While Field Notes' covers are pretty standard, they do have some special edition books worth pointing out. Their cherry wood cover is a bit more durable than their cardboard covers, their Pitch Black notebook features a stocky 45kg "blacktop cover," and their Expedition notebooks (my personal favourite, if you're curious) are tear proof and pretty hard to destroy. The Expedition notebooks are also waterproof, which is handy if you have your notebook in a garage or take it out into any kind of weather.
Both Companies Have Similar Paper Quality and Variety
Moleskine on the left, Field Notes on the right Besides the cover, paper quality and variety are the most important things about a notebook. Both companies give you a lot of options.
Moleskine offers all of their notebooks with ruled, squared or plain paper. On their popular models, including all the pocket-sized notebooks, they also offer dot-grid paper. Field Notes only offers ruled, squared, and plain, but also offers a mixed pack (remember Field Notes are always sold in threes) where you get one plain notebook, one ruled notebook, and one graph notebook. Some of the Field Notes special editions do come with dot-grid paper too, including the Pitch Black and Expedition notebook.
I'm no paper expert, but the quality of paper in both the standard editions of Field Notes and Moleskine notebooks seem similar. Ballpoint pens don't leak through, but markers will. Writing with a pencil also works fine. Neither has thick, heavy stock paper that will work well with markers or paints. Put bluntly, neither paper is particularly great. If there is a noticeable difference, it's that Moleskine's paper tends to be a bit more yellow, while Field Notes tends to be a much more vibrant white. So if that matters to you, then it's something to consider. Moleskine's paper is acid-free, 70 gsm, 21kg text stock. Field Notes changes their paper around depending edition, but they seem to use 50 lb text stock the most. That's about the same quality as cheap printer paper. If you're curious to read more about the paper in each, here's a deep dive into the paper used in Moleskines. If you want to see the various papers used in Field Notes notebooks, Three Staples has a pretty comprehensive guide.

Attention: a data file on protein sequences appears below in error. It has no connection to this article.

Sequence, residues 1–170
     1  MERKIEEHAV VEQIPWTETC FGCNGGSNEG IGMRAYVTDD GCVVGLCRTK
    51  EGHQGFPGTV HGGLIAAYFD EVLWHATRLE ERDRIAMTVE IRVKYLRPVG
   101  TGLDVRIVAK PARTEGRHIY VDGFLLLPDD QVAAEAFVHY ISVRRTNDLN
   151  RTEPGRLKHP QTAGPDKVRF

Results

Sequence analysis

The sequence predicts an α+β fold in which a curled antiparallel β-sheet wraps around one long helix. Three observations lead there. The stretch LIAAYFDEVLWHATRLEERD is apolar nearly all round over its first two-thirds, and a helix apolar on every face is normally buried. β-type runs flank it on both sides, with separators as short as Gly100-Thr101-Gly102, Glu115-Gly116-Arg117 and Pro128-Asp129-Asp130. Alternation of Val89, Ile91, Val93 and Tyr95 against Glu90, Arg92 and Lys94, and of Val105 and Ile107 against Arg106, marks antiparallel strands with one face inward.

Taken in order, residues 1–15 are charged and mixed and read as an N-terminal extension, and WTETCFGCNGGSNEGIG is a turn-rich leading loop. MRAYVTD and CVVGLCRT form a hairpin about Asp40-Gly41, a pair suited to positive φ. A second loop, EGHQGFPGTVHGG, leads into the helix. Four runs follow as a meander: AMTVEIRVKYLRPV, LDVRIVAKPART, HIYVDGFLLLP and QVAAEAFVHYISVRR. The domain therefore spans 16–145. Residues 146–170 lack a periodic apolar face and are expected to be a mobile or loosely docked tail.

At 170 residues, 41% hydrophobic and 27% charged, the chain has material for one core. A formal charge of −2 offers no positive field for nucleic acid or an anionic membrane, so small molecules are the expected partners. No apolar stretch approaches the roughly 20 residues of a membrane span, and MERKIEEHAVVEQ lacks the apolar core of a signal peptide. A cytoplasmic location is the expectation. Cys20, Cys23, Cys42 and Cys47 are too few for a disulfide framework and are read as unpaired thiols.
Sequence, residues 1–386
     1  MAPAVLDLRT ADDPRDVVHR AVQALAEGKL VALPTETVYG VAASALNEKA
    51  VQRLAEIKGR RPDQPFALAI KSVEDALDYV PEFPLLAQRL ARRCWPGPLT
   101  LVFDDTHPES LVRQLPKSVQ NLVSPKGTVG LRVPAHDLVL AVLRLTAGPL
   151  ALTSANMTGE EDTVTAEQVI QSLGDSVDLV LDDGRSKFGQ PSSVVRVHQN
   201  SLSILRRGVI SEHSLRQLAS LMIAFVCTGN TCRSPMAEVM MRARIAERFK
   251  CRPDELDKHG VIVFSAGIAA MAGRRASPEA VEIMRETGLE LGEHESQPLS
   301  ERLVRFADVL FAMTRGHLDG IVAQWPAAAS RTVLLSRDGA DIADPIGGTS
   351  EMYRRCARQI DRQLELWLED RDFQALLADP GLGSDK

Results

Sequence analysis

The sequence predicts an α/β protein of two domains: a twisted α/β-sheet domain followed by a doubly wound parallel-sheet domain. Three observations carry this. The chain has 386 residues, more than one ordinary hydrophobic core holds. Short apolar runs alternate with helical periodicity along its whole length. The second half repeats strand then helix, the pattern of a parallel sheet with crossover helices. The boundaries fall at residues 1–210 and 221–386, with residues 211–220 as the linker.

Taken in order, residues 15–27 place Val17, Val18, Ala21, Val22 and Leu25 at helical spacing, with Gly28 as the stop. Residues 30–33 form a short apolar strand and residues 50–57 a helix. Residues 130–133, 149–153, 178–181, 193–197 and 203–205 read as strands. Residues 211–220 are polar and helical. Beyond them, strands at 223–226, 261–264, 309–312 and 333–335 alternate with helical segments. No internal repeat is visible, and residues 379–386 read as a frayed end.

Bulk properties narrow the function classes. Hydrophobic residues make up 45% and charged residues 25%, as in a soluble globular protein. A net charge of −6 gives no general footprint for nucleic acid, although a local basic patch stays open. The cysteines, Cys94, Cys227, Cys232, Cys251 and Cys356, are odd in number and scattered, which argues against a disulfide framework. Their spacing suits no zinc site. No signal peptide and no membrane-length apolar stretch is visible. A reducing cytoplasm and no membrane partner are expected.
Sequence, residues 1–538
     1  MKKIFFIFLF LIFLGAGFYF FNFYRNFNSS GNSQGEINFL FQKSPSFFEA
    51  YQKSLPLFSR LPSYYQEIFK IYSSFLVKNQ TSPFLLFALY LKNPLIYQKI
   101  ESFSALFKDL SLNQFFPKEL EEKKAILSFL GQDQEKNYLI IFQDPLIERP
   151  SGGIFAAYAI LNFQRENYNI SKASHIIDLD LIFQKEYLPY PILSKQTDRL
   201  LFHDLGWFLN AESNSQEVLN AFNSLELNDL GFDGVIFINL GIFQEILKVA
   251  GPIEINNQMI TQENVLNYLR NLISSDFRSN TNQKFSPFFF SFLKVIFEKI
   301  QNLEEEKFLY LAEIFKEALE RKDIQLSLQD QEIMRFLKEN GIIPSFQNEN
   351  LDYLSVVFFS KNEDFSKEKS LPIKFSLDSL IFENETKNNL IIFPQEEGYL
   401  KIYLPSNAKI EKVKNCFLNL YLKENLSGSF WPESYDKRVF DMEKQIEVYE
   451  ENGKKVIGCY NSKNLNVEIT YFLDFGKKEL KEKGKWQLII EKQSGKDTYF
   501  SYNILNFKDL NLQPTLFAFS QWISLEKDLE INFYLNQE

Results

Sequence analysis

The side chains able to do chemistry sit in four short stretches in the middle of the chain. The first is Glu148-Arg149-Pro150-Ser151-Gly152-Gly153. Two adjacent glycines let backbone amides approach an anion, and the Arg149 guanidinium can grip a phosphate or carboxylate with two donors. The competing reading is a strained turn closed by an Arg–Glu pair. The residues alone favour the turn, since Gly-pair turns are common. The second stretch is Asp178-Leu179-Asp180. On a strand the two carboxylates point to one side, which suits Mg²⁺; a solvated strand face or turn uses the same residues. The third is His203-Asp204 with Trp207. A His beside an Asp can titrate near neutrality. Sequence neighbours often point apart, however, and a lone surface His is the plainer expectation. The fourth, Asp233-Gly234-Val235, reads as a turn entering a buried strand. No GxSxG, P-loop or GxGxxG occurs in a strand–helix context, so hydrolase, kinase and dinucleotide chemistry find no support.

Both companies also offer some specialty paper options. For example, Moleskine has a sketch album that includes sketch-grade paper. As for Field Notes, the previously mentioned Expedition notebook features waterproof, tearproof paper. Likewise, the Pitch Black edition has a 23kg stock paper on the inside, which makes it a bit tougher than the standard paper.
Field Notes Keeps It Simple but Moleskine Has More 'Special Editions'
On top of their standard notebooks, Moleskine also offer a bunch of themed notebooks made for specific writing themes like keeping a film journal and even city-specific notebooks for travel. They have notebooks just for music notation, storyboarding and even one influenced by Japanese scrolls. Beyond those, Moleskine also routinely releases special notebooks with branded covers from the likes of Game of Thrones, Star Wars, Batman and more. They even offer "smart notebooks" that work with Adobe Creative Cloud and Evernote.
Field Notes takes a much simpler approach. Aside from their regular line of notebooks and the Pitch Black and Expedition editions we've already mentioned (which may also be limited runs, but have been in print for a while now), they also release a variety of coloured special editions throughout the year. For example, right now they have the Shenandoah pack and the Sweet Tooth Edition. They also have specialty notebooks for logging flights or different DIY projects.
The Verdict: 'Best' Depends On Whether It will Actually Live In Your Pocket
When we started this comparison, we noted that it was a bit unfair because Moleskine offered such a massive variety of notebook options. Still, even with those options, which notebooks is best for you depends on what you'll use it for.
Personally, none of the Moleskine models fit in my pocket comfortably, so if I'm planning on lugging a notebook around with me full-time, it's a Field Notes notebook. Likewise, if I'm working on anything out in the world, whether it's in a garage or taking measurements during some weird DIY science project, I like the Field Notes notebooks because they can bend around a lot easier.
But if I'm doing more than that, especially if I'm planning on doing any sketching or longer writing, then Moleskine notebooks are better suited for my needs. The elastic wrap and bookmark is also a killer feature for some people, though I never make use of either. The pocket in the back of Moleskines, while a fun idea, has always always been a useless little addition to me, though I'm sure others have found some use for it.
Of course, beyond that, it's about aesthetics. Which one looks better to you? Are you a fan of fun colours or do you prefer designs based on pop culture? Is a hard cover necessary? Do you want a simple notebook, or do you want bookmarks and closure straps? Pick the one you'll actually use. Notebooks are worthless if they're not written in.